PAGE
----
Our View of the Legislature: Guardianship

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The 2023 General Assembly session is in its final days. The planned final day is Saturday, February 25, 2023.

All committees must complete their work today. Yesterday, the Senate Committee on the Judiciary met to consider the last two guardianship bills to be in committee, and the House Courts of Justice completed its work on guardianship bills. The various bills are attempts to improve our guardianship laws, mostly drawing from the 2021 study done by the Joint Legislative Audit and Review Commission concerning Virginia’s Guardianship and Conservatorship laws. Many of the reforms have been opposed by the Virginia Association of Elder Law Attorneys but are generally supported by the disability community and the poverty law community. The JLARC report can be found by clicking here.

Here is the status of some guardianship bills:

  • HB 2027 (Roem) deals with the perennial problem of a guardian restricting someone’s ability to have visitors. In its current form, the bill establishes the process by which a guardian may restrict visitors, encourages the guardian to take the person’s preferences into account, and limits a guardian’s ability to restrict an incapacitated person from communicating with, visiting, or interacting with other persons with whom the incapacitated person has an established relationship. The bill passed the House and passed the Senate Committee on the Judiciary. It now goes to the full Senate
  • HB 2028 (Roem) establishes the minimum number of visits by a guardian. The original bill – never very demanding to begin with – was amended and approved by the House to have even lower expectations of a guardian. As amended, the bill only requires three visits a year by a guardian and only one of those in person. Parents associated with the former Central Virginia Training Center opposed the bill, arguing the difficulty of travel. But the bill was approved by the Senate Committee on the Judiciary and now goes to the full Senate for approval.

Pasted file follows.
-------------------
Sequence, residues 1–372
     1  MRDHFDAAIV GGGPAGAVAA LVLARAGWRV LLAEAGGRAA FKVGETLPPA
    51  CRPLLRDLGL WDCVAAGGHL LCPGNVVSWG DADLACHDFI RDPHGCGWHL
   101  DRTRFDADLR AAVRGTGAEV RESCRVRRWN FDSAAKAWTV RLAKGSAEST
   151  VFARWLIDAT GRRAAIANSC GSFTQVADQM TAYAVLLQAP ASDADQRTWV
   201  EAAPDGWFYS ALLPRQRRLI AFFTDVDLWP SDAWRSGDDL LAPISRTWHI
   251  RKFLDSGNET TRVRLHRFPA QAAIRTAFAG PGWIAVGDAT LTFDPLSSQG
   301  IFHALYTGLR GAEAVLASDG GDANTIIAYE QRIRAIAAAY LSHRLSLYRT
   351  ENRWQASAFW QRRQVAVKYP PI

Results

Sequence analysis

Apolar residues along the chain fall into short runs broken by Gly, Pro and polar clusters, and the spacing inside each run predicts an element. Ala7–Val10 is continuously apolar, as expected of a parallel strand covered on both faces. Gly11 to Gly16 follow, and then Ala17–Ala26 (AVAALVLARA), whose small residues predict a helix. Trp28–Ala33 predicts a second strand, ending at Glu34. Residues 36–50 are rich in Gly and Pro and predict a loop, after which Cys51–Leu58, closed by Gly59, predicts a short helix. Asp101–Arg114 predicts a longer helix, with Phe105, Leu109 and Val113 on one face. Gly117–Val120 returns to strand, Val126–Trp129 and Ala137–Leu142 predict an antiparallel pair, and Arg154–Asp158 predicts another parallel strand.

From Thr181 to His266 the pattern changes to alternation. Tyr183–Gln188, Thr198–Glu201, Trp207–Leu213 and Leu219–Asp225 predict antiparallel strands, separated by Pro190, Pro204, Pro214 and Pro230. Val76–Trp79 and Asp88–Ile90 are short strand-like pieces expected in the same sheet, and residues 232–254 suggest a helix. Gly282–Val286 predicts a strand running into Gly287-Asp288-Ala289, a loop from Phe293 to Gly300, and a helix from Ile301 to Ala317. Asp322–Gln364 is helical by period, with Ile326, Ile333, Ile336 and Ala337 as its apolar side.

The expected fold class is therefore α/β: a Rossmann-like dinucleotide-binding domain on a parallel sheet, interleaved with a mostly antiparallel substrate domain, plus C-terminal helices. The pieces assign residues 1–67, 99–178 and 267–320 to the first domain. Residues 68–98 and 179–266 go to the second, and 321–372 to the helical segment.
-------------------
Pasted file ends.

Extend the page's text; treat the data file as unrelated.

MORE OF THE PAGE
• Relatedly, SB 1140 (McPike) and HB 2437 (Roem) set training requirements for Guardians. The Virginia Association of Elder Law Attorneys opposes any statutory training requirement imposed on them. The House bill was tabled in the Committee on Appropriations. Still, the Senate bill passed the Senate and was approved by the House Committee on Health, Welfare, and Institutions, then re-referred to Appropriations. Its fate will now be decided by the budget negotiators.

Some bills in this session dealt with the information available to Guardians Ad Litem, who is appointed by the Court, to discern the best interests of the person who is the subject of the petition. These bills include SB 1144 and SB 1033, both from Senator McPike, which were approved by the Senate and by the House Courts of Justice on Monday and now go to the full House for approval.

  • HB 2383, from Delegate Hope, protecting financial information in guardianship proceedings has been approved by both the House and the Senate. It now goes to the Governor for review.
  • HB 1860 (Bell) sets slightly stricter requirements on the quality of a medical report in a petition for guardianship. The bill arose out of a situation where a person was placed under guardianship based on a single telehealth visit. The bill was approved by the House and the Senate and now goes to the Governor for review.
  • SB 987 (Mason) creates a duty for guardians to make regular reports to the court. The bill passed the Senate and was approved by the House Courts of Justice but was sent to the House Committee on Appropriations because it has an indeterminate financial impact. Whether it survives or not will depend on the final budget negotiations.

We support efforts to reform our guardianship laws in support of greater independence for people with disabilities. Our mission is to advance independence, choice, and self-determination; protect legal, human, and civil rights; and eliminate abuse, neglect, and discrimination of people with disabilities through zealous and uncompromising legal advocacy and representation. The disAbility Law Center of Virginia is available to educate policymakers about the potential impact of legislative proposals and budgetary considerations. Please let us know of any issues that you think we should be following. Contact us at ga@dlcv.org or info@dlcv.org or by calling 1-800-552-3962 or 804-225-2042.